Coravin Model 1 Wine System

I have to confess that I enjoy collecting wine more than drinking it. Part of the reason for this is that once a bottle of wine is opened, it needs to be finished fairly quickly – otherwise it will oxidize and no longer be enjoyable to drink. Hence I have been on the quest for something which makes the wine last longer. But all of the ones I’ve tried have one flaw – the bottle needs to be uncorked to access the wine which will introduce air into the bottle. When I first became aware of the Coravin Wine System last Friday (it was featured in an article in the Metro newspaper), it definitely piqued my interest as it overcomes this problem, at least for the wines bottled with a cork.

I did a fair bit of research about this system and initially was intending to buy the Black Friday Special Offer Model 2 Elite system in red for £399 (RRP £631.65) from which is an extremely good value package, but it was out of stock. In the end I bought the basic Model 1 wine system – great value, same functionality as the other models, uses the same accessories, still looks good.

Coravin Model 1 Wine System

What other wine preservation systems have I tried?

This is like a history lesson as I go through the various systems I have tried over the years with my wife and why they all fell short.

1. Vacu Vin Wine Saver – £10

Method: By vacuuming the air out of the bottle.

Pros: Cheap. No consumables.

Cons: Does not extend the life of the wine once opened – it performed the worst of all that I have tried.

Verdict: Air does contact the wine especially when pouring. Does not work. Not recommended.

Vacu Vin Wine Saver – covered in dust as not used at all

2. Private Preserve Cannisters £16.95

Method:  Displaces air from the bottle after it is opened and wine is poured.

 Relatively cheap. Widely available.

Cons: Does not preserve wine very well in my opinion. It is a consumable.

Verdict: I am not convinced that this works. Not recommended.

Private Preserve cannisters

3. Preservino Wine Preserving Kit ££

Method: Displaces air from bottle with inert argon which is introduced through the included stopper.

Pros: Uses inert argon to avoid contact with air since it is heavier than air.

Cons: Air will contact wine when being poured, which will have an impact on the wine. Need to buy argon cannisters to continue to use it – very small cannisters.

Verdict: Did not work well from my experience as the wine contacts air when it is being poured out into a glass – hence oxidation does take place. Not recommended.

Preservino Wine Preservation kit

4. Wine Saver Pro 5 Bottle Wine System (£600+)

Method: Wine bottle is opened and the dispensing nozzle with its metal straw is inserted into bottle. The nozzle is then connected to the tubing and argon dispenses the wine out of the bottle. No pouring of wine is needed.

Pros: Works very well to preserve wine so it lasts longer than any of the other methods. Uses argon to dispense the wine, so no pouring or contact with air until the wine leaves the spout and enters the glass. Can dispense up to 5 different bottles of wine with this system – great for comparing a vertical vintage collection of one wine during wine tasting.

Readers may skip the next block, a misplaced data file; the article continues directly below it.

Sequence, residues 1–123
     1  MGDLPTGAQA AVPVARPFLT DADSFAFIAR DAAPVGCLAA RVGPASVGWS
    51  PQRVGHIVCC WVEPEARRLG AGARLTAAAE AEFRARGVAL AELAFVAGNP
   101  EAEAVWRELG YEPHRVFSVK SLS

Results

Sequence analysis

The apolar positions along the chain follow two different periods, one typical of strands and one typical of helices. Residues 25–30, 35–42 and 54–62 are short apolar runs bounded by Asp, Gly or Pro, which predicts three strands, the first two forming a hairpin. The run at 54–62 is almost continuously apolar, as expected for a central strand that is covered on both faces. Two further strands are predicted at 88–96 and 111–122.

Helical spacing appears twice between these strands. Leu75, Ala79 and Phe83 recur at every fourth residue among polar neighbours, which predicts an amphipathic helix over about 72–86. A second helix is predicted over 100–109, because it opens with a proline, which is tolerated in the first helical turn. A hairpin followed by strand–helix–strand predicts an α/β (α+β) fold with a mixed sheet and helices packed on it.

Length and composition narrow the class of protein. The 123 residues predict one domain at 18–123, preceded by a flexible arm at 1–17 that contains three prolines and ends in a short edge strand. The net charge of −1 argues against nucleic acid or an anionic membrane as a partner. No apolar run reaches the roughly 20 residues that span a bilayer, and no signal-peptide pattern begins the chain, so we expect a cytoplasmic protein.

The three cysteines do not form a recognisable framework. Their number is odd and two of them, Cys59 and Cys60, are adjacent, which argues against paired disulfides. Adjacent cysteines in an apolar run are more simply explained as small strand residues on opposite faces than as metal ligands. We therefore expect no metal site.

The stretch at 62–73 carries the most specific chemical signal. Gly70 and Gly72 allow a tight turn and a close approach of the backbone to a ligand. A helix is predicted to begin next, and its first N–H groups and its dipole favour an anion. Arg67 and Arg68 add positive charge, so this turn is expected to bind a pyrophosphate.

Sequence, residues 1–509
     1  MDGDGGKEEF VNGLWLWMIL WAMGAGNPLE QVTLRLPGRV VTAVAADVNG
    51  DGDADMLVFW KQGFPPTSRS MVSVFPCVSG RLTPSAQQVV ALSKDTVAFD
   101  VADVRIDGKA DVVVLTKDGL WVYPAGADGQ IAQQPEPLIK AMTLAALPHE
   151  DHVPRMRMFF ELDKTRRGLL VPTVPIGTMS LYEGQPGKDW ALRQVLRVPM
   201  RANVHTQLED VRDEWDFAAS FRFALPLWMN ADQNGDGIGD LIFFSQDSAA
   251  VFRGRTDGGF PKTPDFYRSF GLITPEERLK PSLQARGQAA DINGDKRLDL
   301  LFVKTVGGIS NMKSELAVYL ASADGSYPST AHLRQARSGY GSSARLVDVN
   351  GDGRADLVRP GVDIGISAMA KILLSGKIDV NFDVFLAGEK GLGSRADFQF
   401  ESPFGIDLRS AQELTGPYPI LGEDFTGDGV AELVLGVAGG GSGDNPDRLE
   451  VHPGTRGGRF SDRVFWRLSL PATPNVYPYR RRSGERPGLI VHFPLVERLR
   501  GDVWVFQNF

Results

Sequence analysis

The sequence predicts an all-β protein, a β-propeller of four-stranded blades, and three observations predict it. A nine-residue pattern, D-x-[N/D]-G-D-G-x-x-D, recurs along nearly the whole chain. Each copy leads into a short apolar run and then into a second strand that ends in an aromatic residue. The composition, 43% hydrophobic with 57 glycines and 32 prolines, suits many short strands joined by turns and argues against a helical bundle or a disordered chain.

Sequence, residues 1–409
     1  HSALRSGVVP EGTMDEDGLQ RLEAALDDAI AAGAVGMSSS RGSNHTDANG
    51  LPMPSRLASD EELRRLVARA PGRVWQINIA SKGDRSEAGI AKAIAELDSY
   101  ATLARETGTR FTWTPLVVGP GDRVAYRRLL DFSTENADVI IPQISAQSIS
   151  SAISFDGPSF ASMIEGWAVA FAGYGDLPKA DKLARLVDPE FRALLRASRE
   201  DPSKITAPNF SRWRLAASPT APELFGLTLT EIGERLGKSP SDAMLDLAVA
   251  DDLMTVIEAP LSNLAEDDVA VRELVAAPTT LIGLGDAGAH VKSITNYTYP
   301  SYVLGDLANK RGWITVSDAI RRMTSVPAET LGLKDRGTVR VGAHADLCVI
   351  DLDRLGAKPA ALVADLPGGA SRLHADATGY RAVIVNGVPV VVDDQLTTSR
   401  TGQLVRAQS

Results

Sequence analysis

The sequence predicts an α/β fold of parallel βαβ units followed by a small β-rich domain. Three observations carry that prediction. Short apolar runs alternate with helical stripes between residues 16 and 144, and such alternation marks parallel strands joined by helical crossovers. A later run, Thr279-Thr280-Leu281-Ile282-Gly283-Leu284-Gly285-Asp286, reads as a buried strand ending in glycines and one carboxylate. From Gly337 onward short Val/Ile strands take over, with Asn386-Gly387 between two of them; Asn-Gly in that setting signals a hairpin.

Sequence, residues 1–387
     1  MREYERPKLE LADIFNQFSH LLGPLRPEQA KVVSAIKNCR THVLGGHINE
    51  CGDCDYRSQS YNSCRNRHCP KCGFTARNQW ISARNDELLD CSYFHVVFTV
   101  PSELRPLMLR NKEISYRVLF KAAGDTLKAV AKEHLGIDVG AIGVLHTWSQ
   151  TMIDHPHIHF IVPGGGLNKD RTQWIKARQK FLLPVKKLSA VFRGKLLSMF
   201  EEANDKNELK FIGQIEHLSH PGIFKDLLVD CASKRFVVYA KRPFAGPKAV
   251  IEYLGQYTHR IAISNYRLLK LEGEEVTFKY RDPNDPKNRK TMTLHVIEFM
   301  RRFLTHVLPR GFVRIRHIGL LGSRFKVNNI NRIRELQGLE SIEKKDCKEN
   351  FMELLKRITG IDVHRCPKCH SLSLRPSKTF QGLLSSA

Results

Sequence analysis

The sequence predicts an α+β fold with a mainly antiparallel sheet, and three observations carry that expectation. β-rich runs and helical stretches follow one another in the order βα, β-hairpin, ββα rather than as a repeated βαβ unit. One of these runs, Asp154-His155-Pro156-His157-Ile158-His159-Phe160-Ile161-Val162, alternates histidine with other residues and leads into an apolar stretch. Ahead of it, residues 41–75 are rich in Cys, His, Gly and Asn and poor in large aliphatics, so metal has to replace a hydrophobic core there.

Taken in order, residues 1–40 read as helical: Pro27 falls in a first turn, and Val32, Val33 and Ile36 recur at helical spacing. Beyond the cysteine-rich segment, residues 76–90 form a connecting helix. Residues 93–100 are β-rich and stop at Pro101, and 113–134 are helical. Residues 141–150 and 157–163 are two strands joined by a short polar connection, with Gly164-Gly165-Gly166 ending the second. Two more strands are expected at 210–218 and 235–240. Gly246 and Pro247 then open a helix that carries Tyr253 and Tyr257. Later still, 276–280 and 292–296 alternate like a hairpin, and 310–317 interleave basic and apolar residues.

Cons: Costly – £600 for the 3-bottle system currently. Does require wine cork to be removed to insert the wine dispensing apparatus into the bottle, so there is contact of wine with new air at the outset, so cannot last for more than a few months. There will be wine residue in the spout after dispensing wine – this needs to be cleaned off after use. Fiddly to use. Ongoing consumable costs for argon cannisters.

Verdict: The Wine Saver Pro is expensive but does work well. It is not perfect as it does require the cork to be removed to access the wine. Hence although I would have recommended it in the past, as technology has moved on it is no longer the best available option. And with the initial outlay being so high, I would suggest reading on as there is a better option available now.

Wine Saver Pro 5-bottle system

5. PresorVac Waiter’s Friend (under £200)

Methods: Vacuum to remove air from the bottle after opening and pouring wine. Does this to a set pressure (red LED will light when this is achieved). Can be used to pump air into sparkling wine bottles to maintain fizz.

Pros: No consumables. Rechargeable. Can be used to pump air into fizz to retain bubbles for longer.

ConsDoes slow down the oxidation of wine but only for 1-3 days. Requires uncorking and pouring of wine which mixes air with the wine. The pour and seal stopper does leak air so can be unreliable depending on the bottle.

Verdict: I would recommend this for wines which will be finished in a day or two, and definitely for pumping in air for fizz. Otherwise I would not recommend it. 

PresorVac Waiter’s Friend

6. Coravin Model 1 Wine System £199 

I will go into more details about the Coravin system, as it does precisely what I have been looking for all these years. I bought mine from for £189.90.

Coravin Model 1 Wine System

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